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Major zinc market developments in October

Steel News - Published on Thu, 18 Nov 2010

Reuters reported that a surplus in the global zinc market is expected to have a significant impact on western inventory levels soon, putting pressure on prices in the near term.

Analysts said that the excess stocks may be needed after next year when a lack of new mines starts to bite.

Mr Angus MacMillan independent consultant said that the fundamentals are poor, the market\'s going to record a fairly substantial surplus this year and prices are likely to fall further as a result.

Mr Graham Deller of industry consultants CRU Group said that the surplus in the global zinc market was not reflected in inventories in the second and third quarters of this year because much of the excess supply has been held in stockpiles in China.

Mr Deller said that LME stocks will start moving up steadily and significantly and prices should stay under pressure. Stocks of zinc held in London Metal Exchange warehouses were at 631,425 tonnes on Monday.

Mr Carl Firman analyst of Virtual Metals said that there was not enough new mine production coming through to offset closures of some large operations. This will become increasingly evident in the next year or so. This surplus might just be needed in the next 18 months for the market to keep above water.

Below are some of the more significant recent developments in production and prices that may continue to influence the direction of the market in the remainder of 2010 and into 2011.

October 29 - Xstrata will spend AUD 274 million to boost output at its George Fisher mine in Australia by nearly 30% by 2013. Xstrata said that it had got approval from the state government of Queensland to precede with the expansion at the group\'s Mt Isa operations. The expansion will increase the annual production rate to 4.5 million tonnes from 3.5 million.

October 26 - The global zinc market was in surplus by 166,000 tonnes in the first 8 months of the year, the Lisbon based International Lead and Zinc Study Group\'s latest monthly bulletin showed. Global refined zinc use was 8.174 million tonnes compared with 6.940 million in January to August 2009. World refined zinc output rose to 8.340 million tonnes from 7.236 million a year earlier.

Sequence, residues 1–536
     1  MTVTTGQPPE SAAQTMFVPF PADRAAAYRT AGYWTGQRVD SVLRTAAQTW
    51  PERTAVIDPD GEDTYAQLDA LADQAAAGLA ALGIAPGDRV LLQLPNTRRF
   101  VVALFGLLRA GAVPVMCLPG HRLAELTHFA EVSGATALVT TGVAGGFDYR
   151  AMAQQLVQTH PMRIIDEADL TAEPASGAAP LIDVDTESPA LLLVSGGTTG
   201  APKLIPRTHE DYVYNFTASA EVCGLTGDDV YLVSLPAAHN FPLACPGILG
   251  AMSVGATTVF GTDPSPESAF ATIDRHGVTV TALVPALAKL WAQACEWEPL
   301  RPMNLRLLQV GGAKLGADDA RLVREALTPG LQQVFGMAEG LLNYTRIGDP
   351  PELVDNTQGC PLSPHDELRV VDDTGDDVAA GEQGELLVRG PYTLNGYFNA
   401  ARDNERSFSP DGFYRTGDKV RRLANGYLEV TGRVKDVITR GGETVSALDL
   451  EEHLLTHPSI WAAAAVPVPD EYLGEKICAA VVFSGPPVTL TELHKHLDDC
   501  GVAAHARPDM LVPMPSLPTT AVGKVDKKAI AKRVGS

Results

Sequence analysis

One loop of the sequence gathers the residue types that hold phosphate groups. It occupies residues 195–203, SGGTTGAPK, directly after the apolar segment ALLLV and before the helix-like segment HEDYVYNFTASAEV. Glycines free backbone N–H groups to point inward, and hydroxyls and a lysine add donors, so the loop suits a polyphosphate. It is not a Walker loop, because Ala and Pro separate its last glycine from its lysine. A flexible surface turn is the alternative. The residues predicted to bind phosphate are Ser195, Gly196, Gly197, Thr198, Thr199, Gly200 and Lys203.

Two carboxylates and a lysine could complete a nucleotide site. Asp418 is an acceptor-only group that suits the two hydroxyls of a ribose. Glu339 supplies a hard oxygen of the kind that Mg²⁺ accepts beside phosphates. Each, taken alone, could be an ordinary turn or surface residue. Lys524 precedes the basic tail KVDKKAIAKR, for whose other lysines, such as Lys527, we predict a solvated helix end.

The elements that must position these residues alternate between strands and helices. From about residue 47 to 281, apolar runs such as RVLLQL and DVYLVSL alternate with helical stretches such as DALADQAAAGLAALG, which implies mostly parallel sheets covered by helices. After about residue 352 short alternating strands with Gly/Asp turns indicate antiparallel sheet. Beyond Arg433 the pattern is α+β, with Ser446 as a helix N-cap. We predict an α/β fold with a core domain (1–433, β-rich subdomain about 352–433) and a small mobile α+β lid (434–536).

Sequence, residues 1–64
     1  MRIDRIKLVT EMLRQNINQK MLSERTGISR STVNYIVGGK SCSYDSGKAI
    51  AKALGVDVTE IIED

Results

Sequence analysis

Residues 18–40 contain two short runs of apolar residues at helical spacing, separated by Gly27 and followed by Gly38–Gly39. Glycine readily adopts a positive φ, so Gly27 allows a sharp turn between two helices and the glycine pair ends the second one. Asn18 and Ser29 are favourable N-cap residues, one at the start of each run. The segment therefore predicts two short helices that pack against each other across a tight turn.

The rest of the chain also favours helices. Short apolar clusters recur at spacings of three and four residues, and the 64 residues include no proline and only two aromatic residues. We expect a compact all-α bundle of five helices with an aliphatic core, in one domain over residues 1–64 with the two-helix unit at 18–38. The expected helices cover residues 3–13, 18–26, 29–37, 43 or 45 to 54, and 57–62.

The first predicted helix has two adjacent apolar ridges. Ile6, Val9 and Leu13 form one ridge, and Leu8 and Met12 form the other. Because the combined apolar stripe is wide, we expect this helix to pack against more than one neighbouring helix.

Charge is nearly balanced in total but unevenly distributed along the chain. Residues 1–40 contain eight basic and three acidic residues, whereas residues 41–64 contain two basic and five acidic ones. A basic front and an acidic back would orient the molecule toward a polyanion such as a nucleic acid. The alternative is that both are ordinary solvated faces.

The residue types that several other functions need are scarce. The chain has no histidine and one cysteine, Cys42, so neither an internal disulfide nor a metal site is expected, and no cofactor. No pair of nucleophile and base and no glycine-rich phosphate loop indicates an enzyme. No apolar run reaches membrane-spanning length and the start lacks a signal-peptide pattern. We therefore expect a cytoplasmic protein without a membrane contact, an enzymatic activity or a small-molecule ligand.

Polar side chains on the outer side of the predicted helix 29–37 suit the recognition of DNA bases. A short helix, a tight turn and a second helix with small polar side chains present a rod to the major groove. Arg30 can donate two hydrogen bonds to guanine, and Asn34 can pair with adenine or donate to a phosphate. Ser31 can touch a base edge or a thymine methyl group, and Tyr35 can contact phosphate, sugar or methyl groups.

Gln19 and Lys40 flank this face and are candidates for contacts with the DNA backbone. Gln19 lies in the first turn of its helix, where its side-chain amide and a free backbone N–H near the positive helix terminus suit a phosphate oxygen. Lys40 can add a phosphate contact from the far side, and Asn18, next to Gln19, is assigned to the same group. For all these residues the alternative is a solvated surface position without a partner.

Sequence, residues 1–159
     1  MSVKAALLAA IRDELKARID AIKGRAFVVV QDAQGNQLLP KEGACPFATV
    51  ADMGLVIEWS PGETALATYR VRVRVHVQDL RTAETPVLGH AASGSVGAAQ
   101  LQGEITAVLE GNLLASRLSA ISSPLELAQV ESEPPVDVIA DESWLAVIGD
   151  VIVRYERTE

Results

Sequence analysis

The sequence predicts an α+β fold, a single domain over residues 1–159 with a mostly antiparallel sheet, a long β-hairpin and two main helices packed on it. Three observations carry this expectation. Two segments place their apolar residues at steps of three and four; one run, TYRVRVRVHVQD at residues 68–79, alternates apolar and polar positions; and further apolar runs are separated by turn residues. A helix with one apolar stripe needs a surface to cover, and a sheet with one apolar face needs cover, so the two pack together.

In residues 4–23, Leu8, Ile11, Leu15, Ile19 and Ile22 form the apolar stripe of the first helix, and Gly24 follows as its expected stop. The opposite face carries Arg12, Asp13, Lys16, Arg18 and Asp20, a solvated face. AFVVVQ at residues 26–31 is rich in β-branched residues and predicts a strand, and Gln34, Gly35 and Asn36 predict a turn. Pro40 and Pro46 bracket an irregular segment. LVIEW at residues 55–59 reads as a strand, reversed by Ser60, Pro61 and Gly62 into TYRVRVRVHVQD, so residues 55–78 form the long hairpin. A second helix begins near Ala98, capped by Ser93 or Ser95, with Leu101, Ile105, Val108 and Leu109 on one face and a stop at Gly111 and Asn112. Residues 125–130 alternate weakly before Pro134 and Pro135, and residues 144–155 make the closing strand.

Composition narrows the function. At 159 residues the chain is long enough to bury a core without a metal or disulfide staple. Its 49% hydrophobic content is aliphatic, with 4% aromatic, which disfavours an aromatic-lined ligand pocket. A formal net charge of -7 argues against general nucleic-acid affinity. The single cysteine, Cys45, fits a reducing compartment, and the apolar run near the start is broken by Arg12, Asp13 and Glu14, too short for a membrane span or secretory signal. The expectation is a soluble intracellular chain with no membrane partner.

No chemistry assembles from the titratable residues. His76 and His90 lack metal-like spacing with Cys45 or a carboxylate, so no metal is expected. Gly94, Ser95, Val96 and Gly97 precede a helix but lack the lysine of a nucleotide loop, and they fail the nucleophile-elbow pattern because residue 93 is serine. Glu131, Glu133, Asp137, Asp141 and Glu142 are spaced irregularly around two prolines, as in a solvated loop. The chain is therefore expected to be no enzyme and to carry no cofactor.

October 22 - Shenzhen Zhongjin Lingnan Nonfemet, China\'s third largest zinc producer had closed its Shaoguan lead and zinc smelter in Guangdong province completely on October 21 to comply with a pollution investigation. In addition, China has clamped down on power intensive smelting in Henan province, one of its major producing regions. According to official data, more than 750,000 tonnes of annual refined lead capacity also was closed in September.

October 21 - China produced 3,829,000 tonnes of refined zinc in the first 9 months of the year up 23.8% from year ago levels. Output of mined zinc rose by 31.9% over the same period to reach 2,773,000 tonnes.

October 18 - Bolivia\'s government, aiming to boost mining exports set December as the target to award the contract to build two zinc smelters, a project estimated at USD 500 million. Zinc is the country\'s leading mineral export and the mining minister said the smelters should start operating within three years.

October 11 - Breakwater Resources has settled the strike at its El Toqui mine in Chile. Normal mining and milling activities were to resume within a few days.

October 11 - The Lisbon based International Lead and Zinc Study Group said that the global refined zinc market will be in a surplus of 161,000 tonnes next year on top of a 233,000 tonnes surfeit this year. Global refined zinc output is forecast to rise by 10.9% this year to 12.53 million tonnes and by 5.6% next year to 13.23 million tonnes. World demand is expected to rise by 13.1% this year to 12.3 million tonnes and by a further 6.3% to 13.07 million in 2011.

October 7 - Japan\'s major zinc smelters plan to produce 302,677 tonnes of refined zinc in the 6 months to March 31st 2011 up from 272,905 tonnes in the preceding 6 months and from 279,257 tonnes a year earlier.

Zinc prices ended October at USD 2,423 per tonne up from USD 2,195 per month earlier. The market trended generally higher throughout much of the month reaching USD 2,638.75 on October 27 its highest since the start of the year.

The market got a boost earlier from news of a smelter closure in China and from widespread expectations that the US Federal Reserve would announced another round of monetary stimulus after its meeting on November 1 to 2. Prices have pulled back from late October highs, however, as sentiment in most commodities markets has been hurt by a strong US dollar and fears the Fed might be less aggressive than previously thought in efforts to stimulate the economy.

Metals were initially wary about which direction to take after the Fed said that it would buy a further $600 billion of government. Benchmark copper went on to reach a record high on November 11 on strong Chinese economic data. While zinc also picked up, its gains were more muted and it failed to regain the October highs.

Since then prices have been hit by worries that China may hike interest rates and talk that Beijing is looking to curb speculation. In July, the twice yearly Reuters base metals price poll put the median average for the LME cash zinc price at USD 2,050 per tonne down from the January forecast of USD 2,293.

Posted By : admin on Thu, 18 Nov 2010
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